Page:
[ Instrument Network Instrument R & D ] On February 10, the journal Proceedings of the National Academy of Sciences (PNAS) published online a research collaboration between Rao Zihe and the research team of the Institute of Biophysics, Chinese Academy of Sciences, and the team of Junjie Hu and the research team of the American Academy of Sciences Paper "Structural analysis of a trimeric assembly of the mitochondrial dynamin-like GTPase Mgm1". This study analyzes the crystal structure of the mitochondrial inner membrane fusion protein Mgm1 in the state of GDP, and proposes a molecular mechanism model of membrane bending required for Mgm1 to induce fusion through multimodal polymerization and multisite membrane binding.
Mitochondria (mitochondrion) is an organelle that is covered by two layers of membranes in most cells. It is a structure that produces energy in cells. It is the main place for cells to perform aerobic respiration. Its diameter is around 0.5 to 1.0 microns.
Except for amoeba, Giardia lamblia, and several microsporidia, most eukaryotic cells have more or less mitochondria, but they each have mitochondria in terms of size, number, and appearance. They are all different.
Mitochondria have their own genetic material and genetic system, but their genome size is limited and they are a semi-autonomous organelle. In addition to energizing cells, mitochondria also participate in processes such as cell differentiation, cell information transmission, and apoptosis, and possess the ability to regulate cell growth and cell cycle.
Rao Zihe and Hu Junjie's team worked together to clarify the mechanism of mitochondrial outer membrane fusion protein Mitofusin (MFN) to mediate membrane tethering and fusion. However, the fusion of the inner membrane of the mitochondria is more complicated. Although the reaction also depends on the Mgm1 or OPA1 proteins of the motor protein superfamily, these proteins are derived from proteolytic hydrolysis and prolonged and soluble long-term transmembrane regions. Short, both are indispensable. Defects in the intimal fusion lead to the loss of mitochondrial DNA and the mouse embryos are lethal. But its molecular mechanism is still unclear.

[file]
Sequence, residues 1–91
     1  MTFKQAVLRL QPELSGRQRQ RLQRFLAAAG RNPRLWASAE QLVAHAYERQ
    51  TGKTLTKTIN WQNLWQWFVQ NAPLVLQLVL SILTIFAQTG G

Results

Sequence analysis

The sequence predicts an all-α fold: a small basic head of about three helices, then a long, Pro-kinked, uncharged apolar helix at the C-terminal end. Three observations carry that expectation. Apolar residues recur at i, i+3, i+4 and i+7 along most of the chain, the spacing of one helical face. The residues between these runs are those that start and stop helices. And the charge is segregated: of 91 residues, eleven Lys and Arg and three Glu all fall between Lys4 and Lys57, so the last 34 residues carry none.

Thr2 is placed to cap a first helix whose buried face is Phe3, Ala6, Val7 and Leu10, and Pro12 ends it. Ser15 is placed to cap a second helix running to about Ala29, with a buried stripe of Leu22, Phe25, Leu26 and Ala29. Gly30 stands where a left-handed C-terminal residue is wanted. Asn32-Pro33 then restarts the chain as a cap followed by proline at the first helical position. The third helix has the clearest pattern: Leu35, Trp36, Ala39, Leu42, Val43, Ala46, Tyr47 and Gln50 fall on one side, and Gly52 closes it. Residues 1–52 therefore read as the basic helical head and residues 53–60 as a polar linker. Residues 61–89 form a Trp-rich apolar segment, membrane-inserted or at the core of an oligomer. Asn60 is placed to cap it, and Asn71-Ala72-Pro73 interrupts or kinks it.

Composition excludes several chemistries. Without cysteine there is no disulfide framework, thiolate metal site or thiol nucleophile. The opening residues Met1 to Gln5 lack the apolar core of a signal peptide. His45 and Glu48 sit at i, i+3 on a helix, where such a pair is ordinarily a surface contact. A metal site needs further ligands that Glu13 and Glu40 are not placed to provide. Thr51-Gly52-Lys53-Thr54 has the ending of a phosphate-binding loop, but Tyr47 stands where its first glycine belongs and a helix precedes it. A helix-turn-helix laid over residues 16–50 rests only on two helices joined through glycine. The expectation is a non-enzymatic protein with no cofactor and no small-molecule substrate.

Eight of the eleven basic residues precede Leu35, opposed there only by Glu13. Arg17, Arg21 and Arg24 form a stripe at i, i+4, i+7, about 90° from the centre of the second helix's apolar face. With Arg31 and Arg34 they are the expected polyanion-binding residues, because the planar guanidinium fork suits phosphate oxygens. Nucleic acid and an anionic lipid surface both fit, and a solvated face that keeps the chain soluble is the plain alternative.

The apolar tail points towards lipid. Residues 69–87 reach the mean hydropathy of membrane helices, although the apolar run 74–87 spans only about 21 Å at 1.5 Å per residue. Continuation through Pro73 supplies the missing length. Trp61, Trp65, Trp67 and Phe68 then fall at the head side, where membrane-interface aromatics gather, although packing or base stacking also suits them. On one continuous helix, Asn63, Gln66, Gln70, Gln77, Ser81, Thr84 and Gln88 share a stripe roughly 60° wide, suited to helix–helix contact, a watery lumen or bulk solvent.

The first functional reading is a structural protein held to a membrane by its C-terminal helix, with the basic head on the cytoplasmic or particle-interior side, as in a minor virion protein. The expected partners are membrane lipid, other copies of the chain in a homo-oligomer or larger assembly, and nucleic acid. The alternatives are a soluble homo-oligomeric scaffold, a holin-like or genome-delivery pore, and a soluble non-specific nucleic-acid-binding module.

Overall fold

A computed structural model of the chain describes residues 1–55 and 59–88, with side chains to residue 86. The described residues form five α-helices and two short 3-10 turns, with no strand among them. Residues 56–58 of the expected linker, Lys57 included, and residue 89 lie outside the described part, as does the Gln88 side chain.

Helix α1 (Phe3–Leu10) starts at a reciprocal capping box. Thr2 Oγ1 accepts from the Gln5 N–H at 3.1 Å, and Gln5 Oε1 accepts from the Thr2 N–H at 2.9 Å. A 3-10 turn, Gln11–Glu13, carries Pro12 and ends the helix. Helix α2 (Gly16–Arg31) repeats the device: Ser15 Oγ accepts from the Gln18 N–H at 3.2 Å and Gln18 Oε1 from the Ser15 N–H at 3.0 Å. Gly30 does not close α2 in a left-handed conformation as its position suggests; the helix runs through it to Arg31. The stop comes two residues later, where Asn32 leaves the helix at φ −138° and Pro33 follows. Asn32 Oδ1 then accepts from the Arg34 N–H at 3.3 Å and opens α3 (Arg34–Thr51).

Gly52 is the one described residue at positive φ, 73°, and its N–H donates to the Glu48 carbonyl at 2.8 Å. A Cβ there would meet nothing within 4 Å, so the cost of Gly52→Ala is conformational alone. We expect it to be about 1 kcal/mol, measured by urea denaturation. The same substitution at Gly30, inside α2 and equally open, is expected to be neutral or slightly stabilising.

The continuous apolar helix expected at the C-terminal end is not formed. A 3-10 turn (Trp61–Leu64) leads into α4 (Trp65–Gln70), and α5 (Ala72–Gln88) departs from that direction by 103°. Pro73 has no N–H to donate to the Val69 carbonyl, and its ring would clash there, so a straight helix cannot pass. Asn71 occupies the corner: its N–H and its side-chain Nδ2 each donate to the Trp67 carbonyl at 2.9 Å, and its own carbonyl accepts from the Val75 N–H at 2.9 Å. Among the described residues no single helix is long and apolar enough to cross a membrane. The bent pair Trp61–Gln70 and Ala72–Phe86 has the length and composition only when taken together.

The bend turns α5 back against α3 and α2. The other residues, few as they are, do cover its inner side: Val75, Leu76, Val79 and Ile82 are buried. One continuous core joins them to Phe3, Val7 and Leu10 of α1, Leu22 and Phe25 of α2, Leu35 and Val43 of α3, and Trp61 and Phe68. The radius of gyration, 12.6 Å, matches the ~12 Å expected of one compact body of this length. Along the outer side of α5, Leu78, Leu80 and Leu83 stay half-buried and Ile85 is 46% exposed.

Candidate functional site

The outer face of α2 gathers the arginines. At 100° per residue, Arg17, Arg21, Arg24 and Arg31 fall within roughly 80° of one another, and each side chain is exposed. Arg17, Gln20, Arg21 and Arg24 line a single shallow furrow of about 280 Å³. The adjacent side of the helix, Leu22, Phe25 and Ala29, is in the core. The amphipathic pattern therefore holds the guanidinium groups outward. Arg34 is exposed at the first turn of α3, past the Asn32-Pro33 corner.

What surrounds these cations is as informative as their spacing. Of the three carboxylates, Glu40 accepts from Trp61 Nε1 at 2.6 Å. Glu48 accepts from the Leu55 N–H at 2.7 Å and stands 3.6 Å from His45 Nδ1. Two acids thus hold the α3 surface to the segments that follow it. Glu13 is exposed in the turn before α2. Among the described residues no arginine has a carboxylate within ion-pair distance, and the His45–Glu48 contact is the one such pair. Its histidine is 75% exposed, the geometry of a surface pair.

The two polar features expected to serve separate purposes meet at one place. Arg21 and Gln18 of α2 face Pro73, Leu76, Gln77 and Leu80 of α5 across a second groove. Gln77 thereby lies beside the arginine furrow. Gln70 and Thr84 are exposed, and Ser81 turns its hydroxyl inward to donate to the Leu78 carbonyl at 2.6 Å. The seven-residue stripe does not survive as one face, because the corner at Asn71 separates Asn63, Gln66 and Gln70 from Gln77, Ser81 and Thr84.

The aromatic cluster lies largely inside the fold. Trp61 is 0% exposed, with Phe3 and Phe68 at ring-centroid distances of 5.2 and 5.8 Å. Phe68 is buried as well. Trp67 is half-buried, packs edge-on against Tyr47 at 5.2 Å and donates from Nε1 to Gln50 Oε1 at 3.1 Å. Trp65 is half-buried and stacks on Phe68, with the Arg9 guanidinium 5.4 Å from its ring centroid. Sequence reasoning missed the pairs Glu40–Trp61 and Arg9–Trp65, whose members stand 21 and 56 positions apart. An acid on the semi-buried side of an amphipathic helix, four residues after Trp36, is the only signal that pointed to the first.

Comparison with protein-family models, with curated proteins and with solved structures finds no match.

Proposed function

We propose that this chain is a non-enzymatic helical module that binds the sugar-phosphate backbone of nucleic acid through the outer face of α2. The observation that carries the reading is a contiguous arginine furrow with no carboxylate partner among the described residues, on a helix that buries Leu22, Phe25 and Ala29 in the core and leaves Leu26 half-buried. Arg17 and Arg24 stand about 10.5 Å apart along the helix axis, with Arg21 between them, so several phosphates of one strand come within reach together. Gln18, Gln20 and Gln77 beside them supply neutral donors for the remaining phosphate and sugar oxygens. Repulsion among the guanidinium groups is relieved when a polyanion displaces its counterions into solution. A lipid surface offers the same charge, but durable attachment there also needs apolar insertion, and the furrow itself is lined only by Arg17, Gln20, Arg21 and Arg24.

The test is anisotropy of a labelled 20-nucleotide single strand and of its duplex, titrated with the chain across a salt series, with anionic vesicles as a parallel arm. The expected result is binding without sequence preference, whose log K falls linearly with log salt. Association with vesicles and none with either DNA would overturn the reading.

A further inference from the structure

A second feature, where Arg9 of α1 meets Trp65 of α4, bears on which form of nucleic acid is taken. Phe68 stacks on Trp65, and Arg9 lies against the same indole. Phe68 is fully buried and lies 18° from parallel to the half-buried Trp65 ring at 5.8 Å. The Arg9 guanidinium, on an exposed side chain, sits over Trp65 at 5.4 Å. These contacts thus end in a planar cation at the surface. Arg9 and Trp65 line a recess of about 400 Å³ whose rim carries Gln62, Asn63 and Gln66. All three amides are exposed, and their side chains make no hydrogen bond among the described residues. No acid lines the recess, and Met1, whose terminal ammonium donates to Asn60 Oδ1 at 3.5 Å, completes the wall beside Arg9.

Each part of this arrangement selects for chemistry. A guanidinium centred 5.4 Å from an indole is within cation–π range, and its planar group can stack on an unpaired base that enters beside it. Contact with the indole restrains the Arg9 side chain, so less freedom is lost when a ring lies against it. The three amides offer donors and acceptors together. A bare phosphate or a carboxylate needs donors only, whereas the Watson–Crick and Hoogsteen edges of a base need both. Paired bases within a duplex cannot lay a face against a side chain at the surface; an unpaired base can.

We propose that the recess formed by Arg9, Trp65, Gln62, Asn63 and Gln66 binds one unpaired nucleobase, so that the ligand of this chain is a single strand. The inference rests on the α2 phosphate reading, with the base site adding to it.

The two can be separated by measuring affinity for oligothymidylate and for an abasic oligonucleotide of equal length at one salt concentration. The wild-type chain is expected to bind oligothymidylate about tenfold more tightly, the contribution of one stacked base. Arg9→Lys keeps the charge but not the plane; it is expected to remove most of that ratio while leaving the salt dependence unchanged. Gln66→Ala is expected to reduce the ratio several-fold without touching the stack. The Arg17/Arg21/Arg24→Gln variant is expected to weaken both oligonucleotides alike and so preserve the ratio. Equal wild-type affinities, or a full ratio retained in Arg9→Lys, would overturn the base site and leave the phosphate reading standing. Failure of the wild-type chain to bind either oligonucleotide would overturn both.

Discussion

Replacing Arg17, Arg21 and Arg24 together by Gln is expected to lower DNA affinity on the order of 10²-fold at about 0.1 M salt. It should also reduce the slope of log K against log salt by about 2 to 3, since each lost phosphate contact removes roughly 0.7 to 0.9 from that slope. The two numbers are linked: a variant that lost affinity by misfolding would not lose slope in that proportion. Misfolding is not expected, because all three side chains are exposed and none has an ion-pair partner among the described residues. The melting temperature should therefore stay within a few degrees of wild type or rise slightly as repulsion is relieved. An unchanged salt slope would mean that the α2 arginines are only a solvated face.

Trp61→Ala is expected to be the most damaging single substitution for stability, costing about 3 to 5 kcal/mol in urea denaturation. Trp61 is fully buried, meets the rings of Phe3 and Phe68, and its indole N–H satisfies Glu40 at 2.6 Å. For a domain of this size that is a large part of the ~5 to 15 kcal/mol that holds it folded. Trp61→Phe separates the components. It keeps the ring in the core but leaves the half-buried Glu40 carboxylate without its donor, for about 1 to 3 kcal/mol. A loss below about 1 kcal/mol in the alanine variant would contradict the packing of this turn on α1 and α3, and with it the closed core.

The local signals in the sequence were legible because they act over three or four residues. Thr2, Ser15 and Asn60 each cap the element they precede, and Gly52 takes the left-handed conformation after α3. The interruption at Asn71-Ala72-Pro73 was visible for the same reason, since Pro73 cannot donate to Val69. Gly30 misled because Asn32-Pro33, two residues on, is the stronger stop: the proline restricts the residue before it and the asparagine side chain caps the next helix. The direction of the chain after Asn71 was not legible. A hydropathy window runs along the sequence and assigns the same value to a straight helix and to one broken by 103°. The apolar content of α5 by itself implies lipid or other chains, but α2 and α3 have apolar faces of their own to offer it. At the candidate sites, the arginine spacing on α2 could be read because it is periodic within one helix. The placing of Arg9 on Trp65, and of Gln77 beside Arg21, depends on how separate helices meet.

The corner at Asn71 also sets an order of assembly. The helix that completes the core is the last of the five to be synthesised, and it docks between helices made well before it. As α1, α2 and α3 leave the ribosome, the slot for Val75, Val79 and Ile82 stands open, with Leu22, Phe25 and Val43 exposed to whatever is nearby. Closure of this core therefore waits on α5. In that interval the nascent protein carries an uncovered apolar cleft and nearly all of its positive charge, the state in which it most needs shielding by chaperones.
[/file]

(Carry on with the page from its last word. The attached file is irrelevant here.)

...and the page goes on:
Rao Zihe and Yan Liming's team analyzed the short-length full-length structure of Saccharomyces cerevisiae Mgm1 protein and found that its monomer conformation is very similar to that of membrane lysin motor protein-1 (Dynamin-1), and formed a trimerization end to end. As well as reversed back-to-back dimers. Hu Junjie's group verified the discovery of the structure through biochemical experiments such as enzyme activity measurement, in vitro polymer analysis, and membrane binding. Nunnari's research team previously independently verified the structure and function of Mgm1 in yeast cells, and found that it is highly consistent with the structure analyzed in this paper. It also verified in parallel the important discovery that Mgm1 has at least two membrane binding sites.
Yeast (saccharomyce) is a eukaryotic recipient cell commonly used in gene cloning experiments. The cultivation of yeast is as convenient as the cultivation of E. coli. There are many types of yeast cloning vectors. Yeast also has a plasmid. This 2 μm-long plasmid is called a 2 μm plasmid and is about 6 300 bp. This plasmid exists outside the chromosome in the nucleus of the cell for at least a period of time. A 2 μm plasmid and a plasmid in E. coli can be used to construct a shuttle plasmid that can shuttle between bacteria and yeast cells. Yeast cloning vectors are constructed on this basis.
During the submission of this study, a German team reported the crystal and electron microscopy structure of Chaetomium thermophilus short Mgm1, and found that the protein can be entangled into multimers on the membrane like the membrane lytic motor protein to mediate The occurrence of mitochondrial loops and membrane fusion may require membrane flexion. The "back-to-back" binding interface found in this study is conserved in C. thermophilus Mgm1, but the end-to-end interface and multi-site membrane binding have not been previously reported. Therefore, the new model proposed in this study integrates the characteristics of Mgm1 membrane binding well, and also explains in part why a motor protein member that looks like a lysing protein can in turn mediate fusion.
Rao Zihe, JodiNunnari and Hu Junjie are co-corresponding authors of the paper. Rao Zi and Yan Liming of the research team, Qi Yuanbo of the research team of Hu Junjie and Derek Ricketson of the Nunnari research team are the co-first authors of the paper. The research was supported by the National Key Research and Development Program, the National Natural Science Foundation of China, and the NIH Foundation.

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